Wednesday, September 19, 2007

Quote of the Day

By Karen Toggery:
“They say we're supposed to have fair and equal justice,” she said. “Where is it?”
Karen is one of the Jamul Indians evicted from her own reservation on March 10. Protesters at that incident were roughly treated, and had asked for criminal charges against the tribe and their security people. Yesterday District Attorney Bonnie Dumanis finally issued her decision about those charges: she declined to file any, saying that it was a civil matter, not a criminal matter. From the San Diego Union report:

“Tribal governments are recognized as sovereign nations,” she said. “Our office is authorized by Congress to prosecute state crimes committed on Indian reservations, but we have no jurisdiction over civil matters. An eviction process is a civil matter.

“Based upon this unique and unusual set of circumstances, our office has declined to file criminal charges against any of the persons involved in the events of March 10, 2007 on the Jamul Indian Reservation.”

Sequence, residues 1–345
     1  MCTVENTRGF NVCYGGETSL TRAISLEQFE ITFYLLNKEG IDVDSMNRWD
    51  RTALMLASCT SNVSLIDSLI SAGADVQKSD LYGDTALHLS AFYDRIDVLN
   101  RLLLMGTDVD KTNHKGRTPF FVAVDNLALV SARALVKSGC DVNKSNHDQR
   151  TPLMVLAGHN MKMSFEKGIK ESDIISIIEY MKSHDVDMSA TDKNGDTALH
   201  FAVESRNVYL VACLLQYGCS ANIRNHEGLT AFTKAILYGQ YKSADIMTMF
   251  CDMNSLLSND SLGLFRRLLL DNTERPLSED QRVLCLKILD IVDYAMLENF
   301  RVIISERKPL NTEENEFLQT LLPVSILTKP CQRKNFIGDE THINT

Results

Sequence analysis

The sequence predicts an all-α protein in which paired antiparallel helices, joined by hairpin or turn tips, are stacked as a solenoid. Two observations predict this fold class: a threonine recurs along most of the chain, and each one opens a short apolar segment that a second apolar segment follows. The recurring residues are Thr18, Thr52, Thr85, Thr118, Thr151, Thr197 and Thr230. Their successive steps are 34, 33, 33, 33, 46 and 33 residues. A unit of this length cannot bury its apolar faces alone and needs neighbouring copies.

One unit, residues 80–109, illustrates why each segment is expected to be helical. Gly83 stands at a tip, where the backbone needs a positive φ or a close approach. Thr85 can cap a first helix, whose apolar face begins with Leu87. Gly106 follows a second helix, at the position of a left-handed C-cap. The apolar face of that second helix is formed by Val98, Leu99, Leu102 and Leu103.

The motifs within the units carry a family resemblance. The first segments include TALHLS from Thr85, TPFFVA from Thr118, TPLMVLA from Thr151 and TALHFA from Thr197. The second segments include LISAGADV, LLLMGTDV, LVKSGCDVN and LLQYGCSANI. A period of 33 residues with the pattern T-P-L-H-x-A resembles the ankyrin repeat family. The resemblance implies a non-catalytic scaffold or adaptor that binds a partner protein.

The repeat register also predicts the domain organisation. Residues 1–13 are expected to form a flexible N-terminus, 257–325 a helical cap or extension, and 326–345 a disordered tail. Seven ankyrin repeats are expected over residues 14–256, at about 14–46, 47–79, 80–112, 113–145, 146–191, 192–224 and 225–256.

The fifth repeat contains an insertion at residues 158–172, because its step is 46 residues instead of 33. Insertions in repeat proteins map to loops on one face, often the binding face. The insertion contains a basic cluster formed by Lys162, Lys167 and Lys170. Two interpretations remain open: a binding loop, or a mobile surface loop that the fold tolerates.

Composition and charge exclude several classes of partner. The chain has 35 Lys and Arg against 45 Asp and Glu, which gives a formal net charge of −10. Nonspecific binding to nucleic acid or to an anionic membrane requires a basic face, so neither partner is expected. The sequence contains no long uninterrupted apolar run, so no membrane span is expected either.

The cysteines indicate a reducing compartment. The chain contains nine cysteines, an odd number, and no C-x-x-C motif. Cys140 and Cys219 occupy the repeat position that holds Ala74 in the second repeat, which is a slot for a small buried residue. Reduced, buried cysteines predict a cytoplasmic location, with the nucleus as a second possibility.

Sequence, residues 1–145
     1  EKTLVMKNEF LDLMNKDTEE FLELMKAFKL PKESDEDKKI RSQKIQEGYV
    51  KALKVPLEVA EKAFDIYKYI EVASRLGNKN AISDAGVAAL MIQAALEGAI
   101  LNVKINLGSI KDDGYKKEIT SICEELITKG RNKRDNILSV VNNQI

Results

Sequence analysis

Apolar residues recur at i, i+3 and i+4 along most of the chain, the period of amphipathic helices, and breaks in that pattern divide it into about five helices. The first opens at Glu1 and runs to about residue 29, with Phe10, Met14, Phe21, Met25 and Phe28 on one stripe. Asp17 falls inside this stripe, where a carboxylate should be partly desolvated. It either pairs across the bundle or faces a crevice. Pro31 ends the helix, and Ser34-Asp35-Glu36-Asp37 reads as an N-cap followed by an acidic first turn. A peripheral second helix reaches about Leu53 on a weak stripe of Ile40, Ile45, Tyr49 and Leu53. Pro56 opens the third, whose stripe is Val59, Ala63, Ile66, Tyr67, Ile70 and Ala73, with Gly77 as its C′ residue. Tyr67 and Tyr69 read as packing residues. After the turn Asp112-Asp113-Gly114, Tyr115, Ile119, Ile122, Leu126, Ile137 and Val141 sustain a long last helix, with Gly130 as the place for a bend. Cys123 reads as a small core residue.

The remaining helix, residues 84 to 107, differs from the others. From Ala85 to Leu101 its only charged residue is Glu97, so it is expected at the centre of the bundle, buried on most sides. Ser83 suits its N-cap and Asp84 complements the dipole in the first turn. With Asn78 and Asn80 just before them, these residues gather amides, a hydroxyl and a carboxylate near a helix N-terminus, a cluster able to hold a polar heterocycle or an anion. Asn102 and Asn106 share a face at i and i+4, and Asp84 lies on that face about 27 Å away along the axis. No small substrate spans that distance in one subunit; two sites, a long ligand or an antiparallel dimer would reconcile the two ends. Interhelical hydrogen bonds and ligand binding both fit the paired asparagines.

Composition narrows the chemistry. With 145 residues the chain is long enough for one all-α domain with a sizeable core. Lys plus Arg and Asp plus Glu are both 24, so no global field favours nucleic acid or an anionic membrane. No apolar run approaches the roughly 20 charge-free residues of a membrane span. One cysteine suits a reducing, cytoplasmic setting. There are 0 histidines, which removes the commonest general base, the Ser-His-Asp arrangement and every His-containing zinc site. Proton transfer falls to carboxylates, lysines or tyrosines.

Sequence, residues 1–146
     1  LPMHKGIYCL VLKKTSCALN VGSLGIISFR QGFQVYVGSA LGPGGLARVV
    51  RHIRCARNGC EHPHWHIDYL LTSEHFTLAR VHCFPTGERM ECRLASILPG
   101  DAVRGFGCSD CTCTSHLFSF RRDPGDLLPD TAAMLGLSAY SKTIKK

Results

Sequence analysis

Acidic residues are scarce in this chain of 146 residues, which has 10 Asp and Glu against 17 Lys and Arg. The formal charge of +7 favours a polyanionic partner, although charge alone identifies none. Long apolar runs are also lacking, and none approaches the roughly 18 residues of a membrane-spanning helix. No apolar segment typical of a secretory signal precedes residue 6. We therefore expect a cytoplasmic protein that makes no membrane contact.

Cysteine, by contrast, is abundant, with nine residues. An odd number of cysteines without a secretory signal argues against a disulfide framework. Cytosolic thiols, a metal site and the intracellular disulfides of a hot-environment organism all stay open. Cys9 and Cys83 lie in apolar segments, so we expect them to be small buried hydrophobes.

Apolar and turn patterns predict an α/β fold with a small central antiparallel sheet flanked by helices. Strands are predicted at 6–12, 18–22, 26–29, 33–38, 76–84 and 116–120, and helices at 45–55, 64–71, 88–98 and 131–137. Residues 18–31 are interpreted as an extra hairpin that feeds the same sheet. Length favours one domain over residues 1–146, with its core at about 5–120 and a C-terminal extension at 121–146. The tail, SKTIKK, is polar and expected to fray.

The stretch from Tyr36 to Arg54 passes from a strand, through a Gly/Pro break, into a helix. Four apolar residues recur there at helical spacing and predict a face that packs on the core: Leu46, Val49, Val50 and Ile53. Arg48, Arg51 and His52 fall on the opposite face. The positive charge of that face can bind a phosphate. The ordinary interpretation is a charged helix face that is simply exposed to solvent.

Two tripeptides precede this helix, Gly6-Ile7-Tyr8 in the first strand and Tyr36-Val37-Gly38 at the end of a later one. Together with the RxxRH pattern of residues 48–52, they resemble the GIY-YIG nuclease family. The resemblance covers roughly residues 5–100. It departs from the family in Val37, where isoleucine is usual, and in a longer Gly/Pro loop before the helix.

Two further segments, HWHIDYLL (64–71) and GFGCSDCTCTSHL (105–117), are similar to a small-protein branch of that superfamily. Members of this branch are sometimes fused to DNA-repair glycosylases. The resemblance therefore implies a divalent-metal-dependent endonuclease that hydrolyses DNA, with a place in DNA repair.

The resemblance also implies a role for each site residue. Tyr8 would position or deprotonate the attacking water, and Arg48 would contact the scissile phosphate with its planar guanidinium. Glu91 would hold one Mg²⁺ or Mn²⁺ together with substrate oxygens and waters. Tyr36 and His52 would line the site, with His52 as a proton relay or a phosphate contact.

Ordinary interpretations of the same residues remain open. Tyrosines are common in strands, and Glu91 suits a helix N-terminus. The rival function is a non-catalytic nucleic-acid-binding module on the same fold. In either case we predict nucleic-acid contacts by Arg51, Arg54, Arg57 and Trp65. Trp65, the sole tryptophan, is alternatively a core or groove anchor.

Dumanis won't answer questions about her decision, spokesman Paul Levikow said.

I'm no lawyer, and I don't know what the “right” thing to do here is, from a legal perspective. Speaking as an American citizen, though, I can't see any way to claim justice has been served through this decision. Basically our District Attorney has just endorsed all manners of behavior in such “civil” matters. Now that the tribe has learned they can act with impunity, protesters on the reservation can expect to be treated violently. If the casino is ever actually built, protesters will be taking their lives in their hands to protest on the site…

Does that sound like America to you?

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